By Stephanie Zacharek
January 3, 2019

We used to think we knew an Oscar-worthy movie when we saw one: you could always place your Best Picture office-pool bet on a classy spectacle (Lawrence of Arabia) or a story that tackled a significant social issue of the day (Kramer vs. Kramer). When in doubt, you’d go with an extravagant crowd pleaser (The Sound of Music), though only in rare instances would you put money on a comedy (Annie Hall). A heist movie? Forget it.

But looking back at 2018, what even makes an Oscar movie an Oscar movie? Especially in a year when one of the biggest contenders may be a picture you watched at home on Netflix? If you pay attention to online Oscar pundits–handicapper types who try to predict likely winners by tracking that admittedly nebulous indicator we call “Oscar buzz”–you’ll see that the same titles keep bubbling to the top: they include Alfonso Cuarón’s deeply emotional, semiautobiographical Roma, which got a limited theatrical release but can also be watched on Netflix; Bradley Cooper’s audience hit A Star Is Born, starring Lady Gaga; and Damien Chazelle’s First Man, featuring Ryan Gosling as astronaut Neil Armstrong, the kind of prestige picture the Academy often takes seriously.

But wait a minute: What Academy are we talking about? The old one, circa 2015, made up largely of aging white men? Or the newer, evolving one? In 2018 the Academy of Motion Picture Arts and Sciences invited some 900 new members–including a significant percentage of women and minorities–into its ranks. Membership is now at more than 8,000, the group’s largest ever. Might this revivified selection of Oscar voters have some new ideas of what constitutes an Oscar movie?

Take a picture like Peter Farrelly’s Green Book, based on a true story, in which a racist, working-class joe (Viggo Mortensen) learns a crucial lesson about racial equality when he drives a cultured, educated musician (Mahershala Ali) through the segregated South of the early 1960s. Early last fall, Oscar prognosticators seemed certain Green Book would be an awards front runner. But after the movie opened to disappointing box-office numbers, its Oscar buzz began to drain away. Some critics have found the film retrograde to the point of being racist. In reality, it’s probably just the kind of outmoded “message” film we feel we’ve outgrown, a work that spells out an antiracism lesson that most Americans don’t think they need to hear (even if some actually do).

Then there’s the case of Widows, a modern, grownup heist film with a nearly all-woman cast, including a dazzling Viola Davis. Directed by Steve McQueen–whose 12 Years a Slave won Best Picture in 2014–the film earned raves from audiences and critics alike at the Toronto Film Festival last fall. Perhaps because McQueen has already made an Oscar-winning film, and also because Widows tangles with serious ideas about women’s dependence on men, some speculated that the film might be a front runner. But as of early December, its chances seemed to be fading. Its box-office numbers didn’t jibe with its early festival popularity. That shouldn’t necessarily affect Oscar odds, but movies that don’t click with the public don’t always linger in the minds of Oscar voters, either.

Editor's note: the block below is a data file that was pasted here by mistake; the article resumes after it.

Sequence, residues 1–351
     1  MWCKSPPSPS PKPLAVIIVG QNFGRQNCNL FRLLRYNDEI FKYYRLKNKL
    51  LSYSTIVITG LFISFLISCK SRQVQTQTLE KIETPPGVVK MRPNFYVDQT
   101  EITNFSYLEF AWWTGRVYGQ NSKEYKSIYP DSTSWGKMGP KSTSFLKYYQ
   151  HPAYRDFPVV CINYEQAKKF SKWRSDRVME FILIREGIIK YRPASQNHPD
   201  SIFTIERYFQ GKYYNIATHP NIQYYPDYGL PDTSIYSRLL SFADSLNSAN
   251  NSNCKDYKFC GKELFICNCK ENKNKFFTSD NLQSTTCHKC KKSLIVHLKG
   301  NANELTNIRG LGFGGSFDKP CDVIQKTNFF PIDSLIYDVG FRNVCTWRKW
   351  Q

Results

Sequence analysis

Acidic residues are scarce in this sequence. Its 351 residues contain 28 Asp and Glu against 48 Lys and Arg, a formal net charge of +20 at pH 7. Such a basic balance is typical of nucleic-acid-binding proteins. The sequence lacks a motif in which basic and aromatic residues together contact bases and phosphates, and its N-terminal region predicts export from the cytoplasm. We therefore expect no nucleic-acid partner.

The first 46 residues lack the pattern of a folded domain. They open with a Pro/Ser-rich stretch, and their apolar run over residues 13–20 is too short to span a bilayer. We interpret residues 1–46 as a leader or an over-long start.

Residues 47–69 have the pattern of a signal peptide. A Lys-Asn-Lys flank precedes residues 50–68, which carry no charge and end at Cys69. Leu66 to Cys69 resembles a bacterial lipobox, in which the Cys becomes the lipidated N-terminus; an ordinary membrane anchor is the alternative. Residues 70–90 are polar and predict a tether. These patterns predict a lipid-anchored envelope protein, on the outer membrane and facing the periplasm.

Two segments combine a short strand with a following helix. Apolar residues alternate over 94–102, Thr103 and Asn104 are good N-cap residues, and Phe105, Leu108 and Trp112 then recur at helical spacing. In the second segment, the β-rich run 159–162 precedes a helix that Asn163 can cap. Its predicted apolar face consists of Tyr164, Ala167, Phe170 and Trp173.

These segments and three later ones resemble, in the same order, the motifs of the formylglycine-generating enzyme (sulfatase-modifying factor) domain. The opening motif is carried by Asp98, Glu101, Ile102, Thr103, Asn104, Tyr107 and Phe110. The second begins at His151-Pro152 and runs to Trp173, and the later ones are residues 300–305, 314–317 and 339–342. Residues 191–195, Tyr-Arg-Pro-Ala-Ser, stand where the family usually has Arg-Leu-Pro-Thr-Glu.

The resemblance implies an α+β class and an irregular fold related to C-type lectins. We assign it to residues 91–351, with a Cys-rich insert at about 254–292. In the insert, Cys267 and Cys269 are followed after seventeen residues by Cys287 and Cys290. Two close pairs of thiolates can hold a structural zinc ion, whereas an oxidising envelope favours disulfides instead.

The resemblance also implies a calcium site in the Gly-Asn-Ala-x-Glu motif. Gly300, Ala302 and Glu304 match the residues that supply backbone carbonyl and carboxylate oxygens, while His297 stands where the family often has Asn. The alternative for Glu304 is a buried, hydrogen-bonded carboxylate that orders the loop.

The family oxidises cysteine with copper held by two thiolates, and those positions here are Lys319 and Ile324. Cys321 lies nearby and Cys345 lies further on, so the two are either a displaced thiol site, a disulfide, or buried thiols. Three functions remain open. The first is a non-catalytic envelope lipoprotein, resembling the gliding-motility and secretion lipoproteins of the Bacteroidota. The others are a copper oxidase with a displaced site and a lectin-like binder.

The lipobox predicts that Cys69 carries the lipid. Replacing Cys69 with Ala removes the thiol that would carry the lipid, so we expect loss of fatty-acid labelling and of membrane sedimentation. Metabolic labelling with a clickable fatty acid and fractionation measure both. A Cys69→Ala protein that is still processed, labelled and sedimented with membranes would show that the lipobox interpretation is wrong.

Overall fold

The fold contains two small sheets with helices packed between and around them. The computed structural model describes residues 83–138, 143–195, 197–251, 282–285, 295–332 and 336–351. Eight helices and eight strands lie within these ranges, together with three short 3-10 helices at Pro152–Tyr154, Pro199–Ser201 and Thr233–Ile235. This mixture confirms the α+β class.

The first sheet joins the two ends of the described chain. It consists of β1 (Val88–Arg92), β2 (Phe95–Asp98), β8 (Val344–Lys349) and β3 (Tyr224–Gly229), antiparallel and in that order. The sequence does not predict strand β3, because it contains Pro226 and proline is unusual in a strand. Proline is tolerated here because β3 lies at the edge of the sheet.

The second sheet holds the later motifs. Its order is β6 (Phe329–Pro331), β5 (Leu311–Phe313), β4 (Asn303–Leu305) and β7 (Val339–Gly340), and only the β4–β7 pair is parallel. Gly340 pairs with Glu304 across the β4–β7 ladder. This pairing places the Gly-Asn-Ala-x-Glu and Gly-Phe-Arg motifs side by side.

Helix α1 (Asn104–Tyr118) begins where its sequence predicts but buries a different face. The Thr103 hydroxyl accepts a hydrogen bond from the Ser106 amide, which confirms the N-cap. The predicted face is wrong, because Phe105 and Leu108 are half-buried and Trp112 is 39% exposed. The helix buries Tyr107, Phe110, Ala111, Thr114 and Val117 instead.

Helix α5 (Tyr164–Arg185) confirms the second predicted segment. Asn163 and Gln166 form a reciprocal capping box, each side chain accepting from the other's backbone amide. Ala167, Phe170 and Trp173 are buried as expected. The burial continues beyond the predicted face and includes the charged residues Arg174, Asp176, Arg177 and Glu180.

What about box-office superhits like Bohemian Rhapsody, trashed by most critics but extremely popular with audiences? Or Black Panther, so far the top-grossing Marvel Cinematic Universe release of all, but a movie that also works, simply, as a piece of storytelling? In early August, when the Academy announced a plan to create a new Oscar category, Outstanding Achievement in Popular Film, observers speculated–probably correctly–that the new award was created as a way to recognize a film like Black Panther (or Bohemian Rhapsody) without having to “waste” one of the more serious awards on it. By September, the Academy had scrapped the idea, although chief executive Dawn Hudson has said that the organization is still trying to figure out new ways of honoring a wider variety of films. Regardless, it seems that Black Panther has opened a door to more creative thinking about what an Oscar movie can be.

In fact, in the 2019 Oscar race, it may be the social-issues pictures that get left out in the cold, specifically the three serious movies about troubled young men released this year: Boy Erased, Beautiful Boy and Ben Is Back. Two of these films deal with drug addiction; one is about a teenager forced into conversion therapy by his parents. The Academy–at least the one we used to know–used to gravitate toward movies about worthy subjects like these. But even if these pictures strike a nerve with moviegoers–or Academy voters–who are also parents, they blur together just a little too easily for any one to stand out.

Between prestige-laden front runners, audience-friendly wild cards and earnest pictures with classic values of family love and racial unity, defining what makes a movie Oscar-worthy has become increasingly difficult. The choices of this new, evolving Academy–one whose makeup will likely continue to shift in the coming years–may help us further redefine it for future years. Yet no matter what happens, shaking up the status quo can’t be a bad thing. And maybe some year–if not in 2019–a heist movie will have a chance at winning Best Picture.

Contact us at editors@time.com.

This appears in the January 14, 2019 issue of TIME.

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